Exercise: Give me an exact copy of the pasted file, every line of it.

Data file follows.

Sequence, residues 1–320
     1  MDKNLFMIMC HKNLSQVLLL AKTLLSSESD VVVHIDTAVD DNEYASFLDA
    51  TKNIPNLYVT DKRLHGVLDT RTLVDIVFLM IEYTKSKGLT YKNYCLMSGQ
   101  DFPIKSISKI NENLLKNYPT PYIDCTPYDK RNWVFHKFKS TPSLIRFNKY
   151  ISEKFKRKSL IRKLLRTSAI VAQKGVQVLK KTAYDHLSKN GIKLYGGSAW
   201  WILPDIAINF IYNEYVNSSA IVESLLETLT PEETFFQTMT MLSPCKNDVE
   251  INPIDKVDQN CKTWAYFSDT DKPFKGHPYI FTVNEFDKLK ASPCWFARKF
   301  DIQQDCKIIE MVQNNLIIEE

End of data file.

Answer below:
Sequence, residues 1–320
     1  MDKNLFMIMC HKNLSQVLLL AKTLLSSESD VVVHIDTAVD DNEYASFLDA
    51  TKNIPNLYVT DKRLHGVLDT RTLVDIVFLM IEYTKSKGLT YKNYCLMSGQ
   101  DFPIKSISKI NENLLKNYPT PYIDCTPYDK RNWVFHKFKS TPSLIRFNKY
   151  ISEKFKRKSL IRKLLRTSAI VAQKGVQVLK KTAYDHLSKN GIKLYGGSAW
   201  WILPDIAINF IYNEYVNSSA IVESLLETLT PEETFFQTMT MLSPCKNDVE
   251  INPIDKVDQN CKTWAYFSDT DKPFKGHPYI FTVNEFDKLK ASPCWFARKF
   301  DIQQDCKIIE MVQNNLIIEE